Wet Imprinting of Channel‐Type Superstructures in Nanostructured Titania Thin Films at Low Temperatures for Hybrid Solar Cells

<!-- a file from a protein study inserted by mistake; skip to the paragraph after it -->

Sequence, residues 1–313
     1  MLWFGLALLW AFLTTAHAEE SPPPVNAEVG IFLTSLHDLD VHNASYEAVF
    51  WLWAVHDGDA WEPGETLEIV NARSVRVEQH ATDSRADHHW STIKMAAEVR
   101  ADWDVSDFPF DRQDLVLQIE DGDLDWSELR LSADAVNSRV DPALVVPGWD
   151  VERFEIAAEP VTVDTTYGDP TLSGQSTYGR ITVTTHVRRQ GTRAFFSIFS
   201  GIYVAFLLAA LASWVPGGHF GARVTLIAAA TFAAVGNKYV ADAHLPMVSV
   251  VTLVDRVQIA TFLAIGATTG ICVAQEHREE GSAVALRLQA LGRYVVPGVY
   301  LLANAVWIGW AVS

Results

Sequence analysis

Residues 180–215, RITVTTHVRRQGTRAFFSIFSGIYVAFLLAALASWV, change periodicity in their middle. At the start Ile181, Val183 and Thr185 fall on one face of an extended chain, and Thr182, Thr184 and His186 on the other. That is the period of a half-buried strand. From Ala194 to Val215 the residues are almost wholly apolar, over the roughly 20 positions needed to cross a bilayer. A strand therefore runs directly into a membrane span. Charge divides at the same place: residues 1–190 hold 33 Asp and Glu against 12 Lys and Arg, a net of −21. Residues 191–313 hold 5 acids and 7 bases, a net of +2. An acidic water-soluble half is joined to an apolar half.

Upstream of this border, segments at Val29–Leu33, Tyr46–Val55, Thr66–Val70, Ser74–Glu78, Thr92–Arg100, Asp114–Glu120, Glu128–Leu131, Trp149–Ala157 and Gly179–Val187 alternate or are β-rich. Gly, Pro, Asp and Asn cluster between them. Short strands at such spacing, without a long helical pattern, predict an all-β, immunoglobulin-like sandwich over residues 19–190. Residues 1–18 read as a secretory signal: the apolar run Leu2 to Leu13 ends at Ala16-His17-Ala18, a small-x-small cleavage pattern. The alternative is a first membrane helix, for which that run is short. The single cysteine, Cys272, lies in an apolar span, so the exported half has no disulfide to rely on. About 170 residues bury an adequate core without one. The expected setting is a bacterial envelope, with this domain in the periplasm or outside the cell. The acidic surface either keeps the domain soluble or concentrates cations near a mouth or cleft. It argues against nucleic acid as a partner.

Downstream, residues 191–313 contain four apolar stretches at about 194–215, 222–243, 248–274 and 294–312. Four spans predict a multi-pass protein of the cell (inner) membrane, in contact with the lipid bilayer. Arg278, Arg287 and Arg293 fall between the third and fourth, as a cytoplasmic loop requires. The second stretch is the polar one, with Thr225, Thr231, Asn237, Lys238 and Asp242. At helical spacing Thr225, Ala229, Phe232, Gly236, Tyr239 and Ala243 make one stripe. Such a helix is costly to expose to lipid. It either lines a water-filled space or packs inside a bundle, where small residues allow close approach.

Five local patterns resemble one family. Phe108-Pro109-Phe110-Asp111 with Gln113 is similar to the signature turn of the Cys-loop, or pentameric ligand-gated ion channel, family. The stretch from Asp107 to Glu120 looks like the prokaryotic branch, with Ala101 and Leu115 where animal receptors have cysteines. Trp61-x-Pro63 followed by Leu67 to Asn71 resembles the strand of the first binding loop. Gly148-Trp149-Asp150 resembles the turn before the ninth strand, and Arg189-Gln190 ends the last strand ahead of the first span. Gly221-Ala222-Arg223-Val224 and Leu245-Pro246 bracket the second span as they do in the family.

Hierarchically structured titania films, exhibiting interconnected foam‐like nanostructures and large‐scale channel‐type superstructures, were achieved in an energy‐saving way at low temperatures by a polymer template‐assisted sol–gel synthesis in combination with a wet‐imprinting process. The surface morphology was probed with scanning electron microscopy and atomic force microscopy, whereas the inner morphology was characterized with grazing incidence small‐angle X‐ray scattering measurements. Compared to the initial hybrid films, the titania films showed reduced structure sizes caused by removal of the polymer template. UV/Vis measurements showed an additional light‐scattering effect at various angles of light incidence in the hierarchically structured titania films, which resulted in higher light absorption in the wet‐imprinted active layer. To give proof of viability, the titania films were evaluated as photoanodes for dye‐free hybrid solar cells. The dye‐free layout allowed for low‐cost fabrication, avoided problems related to dye bleaching, and was a more environmentally friendly alternative to using dyes. Under different angles of light incidence, the enhancement in the short‐circuit current density was in good agreement with the improvement in light absorption in the superstructured active layer, demonstrating a positive impact of the superstructures on the photovoltaic performance of hybrid solar cells.